In another illogical move, I left Whanganui and headed North, up the coast to New Plymouth. After a few dismissive comments from kiwis regarding the place, I didn’t have very high expectations but let me say straight away, I had the most fun in New Plymouth than anywhere else on my trip so far. The drive out was beautiful, though hampered by rain. I got my first glimpse of Mt. Taranaki but it quickly disappeared into the rain clouds and I wouldn’t see it again for a while!
I arrived at Ariki backpackers and faced a mountain of stairs, not a good start admittedly, thanks to my 25kg bag, but hey, no problem, I’m gonna be ripped by the time I’m done here in New Zealand. At the top of the stairs I was greeted by a cheeky kiwi fella called Rob, who set about checking me in at the same time as a German guy called Michael. Michael and I were down to be roommates and luckily we got on really well from the off, bonding over a trip to Pak’n’Save, the huge bargain supermarket that I find ridiculously exciting, and going halves on toastie ingredients– the hostel had a toastie maker!!! (For three days I would eat little other than toasted sandwiches, do not judge me).
The next day was easily the worst day I’ve had, weather wise, whilst here in New Zealand. It absolutely poured down, and I mean POURED, all day. After a very lazy morning around the hostel, my new friend Michael and I, decided to hit up the local art gallery. Now, I like art, I regard myself as a bit of an arty person, but…. I don’t know, perhaps I just wasn’t in the mood, but I wasn’t hugely impressed. Within about twenty minutes we’d seen everything and, with a knowing nod, we decided to leave. We scooted over to Puke Ariki, the local museum, where we interacted with several rainy day activities including a mountain climbing themed game of snakes and ladders; I was robbed of victory on the last roll of the dice and I’m still mad about it.
We also took in a bug themed exhibit, despite neither of us liking bugs at all. Though a little underwhelming, we did actually have fun, and honestly I’m really glad I had someone to hang out with on this occasion. We headed back to the hostel to refuel (with toasties) and made plans to share a bottle of wine that evening, because ey, what else are you gonna do on a rainy evening at the seaside. It’s worth mentioning that there is so much street art in New Plymouth, with murals of all shapes and sizes everywhere you turn. I didn’t much fancy getting my camera soaked though so I didn’t manage to snap any photos.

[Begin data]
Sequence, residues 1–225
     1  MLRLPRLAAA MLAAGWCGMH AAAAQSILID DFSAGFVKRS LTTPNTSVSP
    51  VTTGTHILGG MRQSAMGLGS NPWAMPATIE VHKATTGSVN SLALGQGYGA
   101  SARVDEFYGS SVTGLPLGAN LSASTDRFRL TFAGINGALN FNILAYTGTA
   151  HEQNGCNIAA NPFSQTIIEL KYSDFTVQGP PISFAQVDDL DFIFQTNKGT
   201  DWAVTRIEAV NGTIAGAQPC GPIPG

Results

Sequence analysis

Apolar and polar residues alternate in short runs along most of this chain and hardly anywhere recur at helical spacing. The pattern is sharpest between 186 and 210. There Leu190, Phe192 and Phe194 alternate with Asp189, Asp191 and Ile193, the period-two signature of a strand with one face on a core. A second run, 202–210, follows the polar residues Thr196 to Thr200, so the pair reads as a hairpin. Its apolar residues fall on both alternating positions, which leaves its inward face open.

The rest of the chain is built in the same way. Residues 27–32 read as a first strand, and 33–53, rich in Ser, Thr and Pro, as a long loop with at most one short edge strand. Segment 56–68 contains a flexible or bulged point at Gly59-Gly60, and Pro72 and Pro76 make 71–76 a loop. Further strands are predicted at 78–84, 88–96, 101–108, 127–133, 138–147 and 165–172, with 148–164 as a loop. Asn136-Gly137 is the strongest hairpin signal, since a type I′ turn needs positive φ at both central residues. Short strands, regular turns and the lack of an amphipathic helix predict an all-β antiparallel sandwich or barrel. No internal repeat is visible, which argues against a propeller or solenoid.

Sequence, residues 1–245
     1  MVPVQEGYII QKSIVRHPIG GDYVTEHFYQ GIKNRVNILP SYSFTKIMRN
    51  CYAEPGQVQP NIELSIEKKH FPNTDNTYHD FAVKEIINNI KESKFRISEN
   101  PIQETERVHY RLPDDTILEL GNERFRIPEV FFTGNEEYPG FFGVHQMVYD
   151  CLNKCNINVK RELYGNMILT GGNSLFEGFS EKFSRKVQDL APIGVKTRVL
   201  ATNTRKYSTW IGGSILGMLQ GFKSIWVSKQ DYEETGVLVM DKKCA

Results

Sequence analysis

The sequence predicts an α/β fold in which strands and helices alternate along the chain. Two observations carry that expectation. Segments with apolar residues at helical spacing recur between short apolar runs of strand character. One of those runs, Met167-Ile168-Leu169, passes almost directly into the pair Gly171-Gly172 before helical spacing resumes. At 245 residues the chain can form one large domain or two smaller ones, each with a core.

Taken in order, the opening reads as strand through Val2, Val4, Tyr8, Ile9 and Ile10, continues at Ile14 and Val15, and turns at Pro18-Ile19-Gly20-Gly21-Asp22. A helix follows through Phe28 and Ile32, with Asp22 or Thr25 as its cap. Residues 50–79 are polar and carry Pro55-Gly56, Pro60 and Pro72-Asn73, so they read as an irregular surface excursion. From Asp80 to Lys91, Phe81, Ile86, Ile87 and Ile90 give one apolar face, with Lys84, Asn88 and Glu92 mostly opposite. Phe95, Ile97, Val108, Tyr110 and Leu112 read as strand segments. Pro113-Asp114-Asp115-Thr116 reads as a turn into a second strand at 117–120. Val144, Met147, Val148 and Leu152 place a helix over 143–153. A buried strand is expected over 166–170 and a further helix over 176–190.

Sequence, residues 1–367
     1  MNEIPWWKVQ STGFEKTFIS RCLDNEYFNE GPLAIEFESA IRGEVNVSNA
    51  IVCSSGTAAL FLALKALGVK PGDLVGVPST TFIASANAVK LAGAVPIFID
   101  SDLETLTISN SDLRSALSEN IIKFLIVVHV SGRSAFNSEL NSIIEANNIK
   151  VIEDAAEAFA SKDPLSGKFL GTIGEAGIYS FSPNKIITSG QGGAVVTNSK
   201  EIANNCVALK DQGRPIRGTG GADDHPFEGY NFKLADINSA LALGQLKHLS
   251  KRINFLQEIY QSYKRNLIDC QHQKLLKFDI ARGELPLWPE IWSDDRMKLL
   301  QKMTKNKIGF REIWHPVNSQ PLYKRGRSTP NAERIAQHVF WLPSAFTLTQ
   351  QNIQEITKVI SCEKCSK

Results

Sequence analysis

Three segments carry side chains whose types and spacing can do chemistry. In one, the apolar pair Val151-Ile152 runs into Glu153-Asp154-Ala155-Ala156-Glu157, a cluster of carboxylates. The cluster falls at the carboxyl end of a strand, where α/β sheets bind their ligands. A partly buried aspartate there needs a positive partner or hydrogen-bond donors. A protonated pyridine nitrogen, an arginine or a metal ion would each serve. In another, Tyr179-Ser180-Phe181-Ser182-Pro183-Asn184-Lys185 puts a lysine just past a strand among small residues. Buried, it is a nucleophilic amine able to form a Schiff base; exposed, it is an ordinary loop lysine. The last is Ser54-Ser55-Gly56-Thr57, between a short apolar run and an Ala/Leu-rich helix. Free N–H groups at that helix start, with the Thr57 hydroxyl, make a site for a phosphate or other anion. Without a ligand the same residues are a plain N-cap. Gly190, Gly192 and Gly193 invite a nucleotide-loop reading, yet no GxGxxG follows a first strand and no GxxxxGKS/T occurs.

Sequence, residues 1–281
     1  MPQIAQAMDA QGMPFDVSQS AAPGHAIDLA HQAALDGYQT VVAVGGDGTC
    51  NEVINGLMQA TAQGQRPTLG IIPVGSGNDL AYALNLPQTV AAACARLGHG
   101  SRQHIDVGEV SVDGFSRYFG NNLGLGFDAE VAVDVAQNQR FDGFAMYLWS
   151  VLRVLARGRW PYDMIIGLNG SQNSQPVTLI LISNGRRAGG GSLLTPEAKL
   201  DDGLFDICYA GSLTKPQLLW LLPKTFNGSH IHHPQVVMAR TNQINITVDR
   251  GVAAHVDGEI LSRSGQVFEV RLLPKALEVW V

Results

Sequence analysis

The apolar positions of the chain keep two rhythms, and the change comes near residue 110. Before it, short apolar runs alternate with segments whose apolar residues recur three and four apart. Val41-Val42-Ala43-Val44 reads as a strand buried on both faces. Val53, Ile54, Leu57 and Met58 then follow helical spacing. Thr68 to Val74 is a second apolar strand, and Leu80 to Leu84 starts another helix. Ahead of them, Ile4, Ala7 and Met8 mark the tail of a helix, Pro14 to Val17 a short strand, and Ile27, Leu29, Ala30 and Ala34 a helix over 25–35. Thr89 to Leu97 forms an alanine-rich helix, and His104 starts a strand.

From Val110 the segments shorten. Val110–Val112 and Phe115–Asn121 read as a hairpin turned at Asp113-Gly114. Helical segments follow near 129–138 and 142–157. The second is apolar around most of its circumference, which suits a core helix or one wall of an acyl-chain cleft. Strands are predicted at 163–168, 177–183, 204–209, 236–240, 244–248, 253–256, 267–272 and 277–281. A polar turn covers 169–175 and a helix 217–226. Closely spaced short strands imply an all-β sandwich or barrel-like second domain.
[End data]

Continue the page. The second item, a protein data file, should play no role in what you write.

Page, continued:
Armed with cheap wine and snacks (I tried my first Tim Tam biscuits with milk and I am a big fan) we settled in fer a night of chatter. After a wine I will literally talk to anyone and so I took it upon myself to eavesdrop and involve myself in some neighbouring Canadians’ conversation, and luckily they didn’t mind. We had a fun night and all agreed to team up for a small hike the next day.
The next morning, true to their word, Ben and Harrison were waiting for us, primed and ready to go. We all set off to Paritutu Rock, which was about an hour’s walk along the seafront, though it didn’t feel to take that long with such good company. As we neared the small mountain, we began to notice how steep it was, with the people above literally scaling the rocks, and I began to feel butterflies in my stomach. The first part of the walk up was literally that; a walk, albeit up a load of calf-killing stairs.